Oh, Snap! Food stamp cuts hit service member families and veterans


Posted by AzBlueMeanie:

If Tea-Publicans do not care about taking food out of the mouths of children, the elderly and disabled, then how about a group of Americans they profess to care about: active duty military service members and veterans?

The Tea-Publican House action that stripped food stamp funding from a massive farm
bill threatens vital assistance for about 5,000 military families,
mostly from the junior enlisted ranks. DoD: 5,000 Military Families Losing Food Stamps:

A Department of Agriculture report last year showed that more than
5,000 of the 48 million Americans receiving Supplementary Nutritional
Assistance Program (food stamps) listed their employment status as
"active duty military," the Pentagon officials said.

"Military members who receive SNAP tend to be made up of members in
junior pay grades with larger than average household sizes," said Navy
Lt. Cmdr. Nate Christensen, a Defense Department spokesman.

* * *

"It's a small population but it's a vulnerable population," Joye Raezer,
executive director of the National Military Families Association, said
of the active duty military families receiving food stamps.

* * *

Last year, $99 million in food stamps were cashed in at bases by
military families, disabled vets and others with military
identification, and more than $53 million in food stamps were cashed in
this year through June, according to Defense Commissary Agency data
provided to the Huffington Post.

And then there are the veterans for whom Tea-Publicans seem to think it is sufficient to say "Thank you for your service." You owe them more than an insincere "thank you."  Nearly 1 Million Vets Face Food Stamps Cut:

About 900,000 veterans and 5,000 active duty troops face cuts in
their food stamp benefits beginning Thursday as $5 billion is
automatically trimmed from the Supplemental Nutrition Assistance Program
(SNAP) program for low-income families.

"The coming benefit cut will reduce SNAP benefits, which are already
modest, for all households by 7 percent on average, or about $10 per
person per month," according to an analysis by the Center for Budget and
Policy Priorities.

"Nationwide, in any given month, a total of 900,000 veterans
nationwide lived in households that relied on SNAP to provide food for
their families in 2011," according to an analysis of census data, the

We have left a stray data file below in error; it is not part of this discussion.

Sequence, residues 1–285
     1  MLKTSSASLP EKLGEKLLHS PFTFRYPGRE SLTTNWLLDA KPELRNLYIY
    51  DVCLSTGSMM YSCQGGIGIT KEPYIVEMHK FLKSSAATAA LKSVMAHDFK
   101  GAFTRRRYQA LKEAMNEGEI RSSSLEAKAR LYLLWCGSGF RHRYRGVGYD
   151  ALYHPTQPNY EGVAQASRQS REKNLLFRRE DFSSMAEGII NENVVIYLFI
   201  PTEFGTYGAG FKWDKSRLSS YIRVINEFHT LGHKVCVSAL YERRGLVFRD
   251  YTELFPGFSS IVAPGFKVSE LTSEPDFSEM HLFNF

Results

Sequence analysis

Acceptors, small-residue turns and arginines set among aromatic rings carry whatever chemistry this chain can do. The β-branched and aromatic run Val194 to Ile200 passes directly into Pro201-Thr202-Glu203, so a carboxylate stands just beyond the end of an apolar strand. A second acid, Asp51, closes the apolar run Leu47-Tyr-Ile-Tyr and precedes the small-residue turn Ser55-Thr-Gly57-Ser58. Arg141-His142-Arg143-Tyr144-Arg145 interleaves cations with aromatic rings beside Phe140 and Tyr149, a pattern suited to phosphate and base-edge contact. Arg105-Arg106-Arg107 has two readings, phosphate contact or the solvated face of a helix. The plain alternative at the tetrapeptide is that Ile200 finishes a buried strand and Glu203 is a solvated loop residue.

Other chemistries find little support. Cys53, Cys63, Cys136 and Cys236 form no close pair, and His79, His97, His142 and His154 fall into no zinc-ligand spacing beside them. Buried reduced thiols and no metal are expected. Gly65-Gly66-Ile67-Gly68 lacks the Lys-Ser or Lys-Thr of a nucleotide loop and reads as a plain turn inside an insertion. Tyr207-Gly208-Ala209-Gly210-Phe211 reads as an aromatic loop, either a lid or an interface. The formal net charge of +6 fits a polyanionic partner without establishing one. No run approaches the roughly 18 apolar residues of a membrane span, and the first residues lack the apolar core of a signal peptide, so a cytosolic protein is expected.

Center's report said.

* * *

Thousands of veterans from every state would be affected by the food stamp cuts, ranging from the 109,500 in Florida and 105,700 in Texas in
the SNAP program, to the 2,200 in North Dakota, according to the Center
for Budget and Policy Priorities.

For those Tea-Publicans who think this food stamp reduction is only a minor inconvenience, you are clueless about hunger in America. What $36 means to a family on food stamps:

Starting November 1, families who depend on food stamps will see their benefits cut as $5
billion in funding for the Supplemental Nutrition Assistance Program
(SNAP) expires.

That means 47 million people — one out of seven Americans — will have to make do with less. And those aren't even the only cuts coming to SNAP.

* * *

So, what does $5 billion mean for the average family on food stamps?


(Source: Center on Budget and Policy Priorities)

Let's take a look at a family of four. Starting this month, they will get about $36 less in food assistance. That might not sound like a lot to people in the middle class. But to qualify for SNAP in the first place, you need to make less than $1,863 a month for a family of four (or $908 for an individual). Note that these are upper limits on net income; plenty of people who get SNAP benefits make far less.

The USDA offers four food budgets, ranging from "thrifty" to
"liberal." Its strictest budget recommends spending only $1.70 to $2 per
meal. That means a family of four now has two options: Eat 21 fewer
meals a month, or lower spending to less than $1.40 per person per meal
according to the Center on Budget and Policy Priorities.

"The idea that people can make up for this by shopping differently
just isn't realistic," Joel Berg, director of the New York City
Coalition Against Hunger, told the New York Daily News. "They can't and they won't. They'll go hungry and have less food."

And the foods they will be pushed toward probably won't be fresh fruits and vegetables. In the United States, poverty tracks strongly with obesity, which is why, The Atlantic's Chin Jou argued earlier this year, the cuts will be particularly devastating[.]

One alternative to SNAP are food banks and private charities — but many of them are already overwhelmed. Expect to see urgent appeals from your local community food banks and soup kitchens in the coming weeks.